Pregnancy is associated with a significant increase in the risk of ventral hernia recurrence after repair, according to a population-based cohort study published online in the American Journal of Surgery.
Analysis of registry data from 3,578 Danish women of reproductive age who had previously undergone ventral hernia repair showed that subsequent pregnancy was associated with a 56% higher risk of recurrence (95% confidence interval, 1.09-2.25; P = .016), compared with women who did not get pregnant (Am J Surg. 2017 April 5. doi: 10.1016/j.amjsurg.2017.03.044).Erling Oma, MD, and his colleagues from the Digestive Disease Center at the University of Copenhagen.
They noted that few studies have directly reported on the rate of ventral hernia recurrence after pregnancy, and the results that do exist are conflicting.
The overall rate of ventral hernia recurrence in the cohort was 12.5%, 67.9% of whom subsequently underwent reoperation to repair. The median time from hernia repair to pregnancy was 1.1 years, and median follow-up was 3.1 years.
Umbilical and incisional hernia repair were independently associated with a higher risk of recurrence (hazard ratio, 1.55 and 3.30, respectively) than epigastric repair, while larger hernia defects also increased the risk of recurrence.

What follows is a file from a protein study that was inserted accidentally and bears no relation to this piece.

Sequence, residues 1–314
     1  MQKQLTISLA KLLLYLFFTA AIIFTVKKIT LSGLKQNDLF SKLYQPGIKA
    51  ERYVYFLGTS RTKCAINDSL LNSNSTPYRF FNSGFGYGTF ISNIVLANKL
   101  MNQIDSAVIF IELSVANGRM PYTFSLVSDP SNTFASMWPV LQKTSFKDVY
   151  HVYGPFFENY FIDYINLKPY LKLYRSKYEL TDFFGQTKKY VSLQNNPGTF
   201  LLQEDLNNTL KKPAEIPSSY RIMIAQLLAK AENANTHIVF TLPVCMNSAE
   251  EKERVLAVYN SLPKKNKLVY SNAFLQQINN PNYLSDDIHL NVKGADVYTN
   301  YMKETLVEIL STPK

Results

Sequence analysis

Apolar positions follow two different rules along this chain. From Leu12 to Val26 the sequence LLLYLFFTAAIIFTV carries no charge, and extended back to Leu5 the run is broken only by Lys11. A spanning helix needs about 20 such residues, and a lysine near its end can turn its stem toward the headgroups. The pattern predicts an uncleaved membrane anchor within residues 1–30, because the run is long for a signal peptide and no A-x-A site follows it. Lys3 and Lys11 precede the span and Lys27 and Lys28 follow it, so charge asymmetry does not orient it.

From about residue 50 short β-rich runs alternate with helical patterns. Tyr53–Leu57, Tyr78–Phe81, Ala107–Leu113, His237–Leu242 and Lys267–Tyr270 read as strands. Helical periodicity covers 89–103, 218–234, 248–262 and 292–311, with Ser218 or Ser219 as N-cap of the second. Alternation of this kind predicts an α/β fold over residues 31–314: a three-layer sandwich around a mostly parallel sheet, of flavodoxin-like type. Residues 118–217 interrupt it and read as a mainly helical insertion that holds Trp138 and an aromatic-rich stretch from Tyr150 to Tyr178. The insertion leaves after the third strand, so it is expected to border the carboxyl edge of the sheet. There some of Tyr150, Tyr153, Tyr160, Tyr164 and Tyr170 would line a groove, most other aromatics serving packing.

“According to Laplace’s law, both the abdominal wall stretch and the raised intra-abdominal pressure theoretically strain the repaired ventral hernia site and are likely involved in the associated increased risk of recurrence,” the authors wrote. “Furthermore, prolonged duration of the second stage of labor and the use of manual fundal pressure might increase the risk of ventral hernia recurrence.”
The authors pointed out that inadequate fixation and lateral detachment of the mesh material were the most commonly reported mechanisms involved in ventral hernia recurrence after mesh repair. The fact that most mesh materials are far less elastic than the abdominal wall could account for the association between pregnancy and recurrence.
Based on the findings, they suggested that elective surgery for incisional or umbilical hernia repair be postponed until after the last planned pregnancy and that female patients of reproductive age be counseled on the increased risk of recurrence with pregnancy should they choose to undergo ventral hernia repair. They also noted that the natural course of an untreated ventral hernia, how it responds to pregnancy, and the risk of emergency repair during pregnancy need further investigation.
The study was supported by grants from Edgar Schnohr, MD, Dr MSc & Wife Gilberte Schnohr’s Foundation, and Bispebjerg Hospital. No conflicts of interest were declared.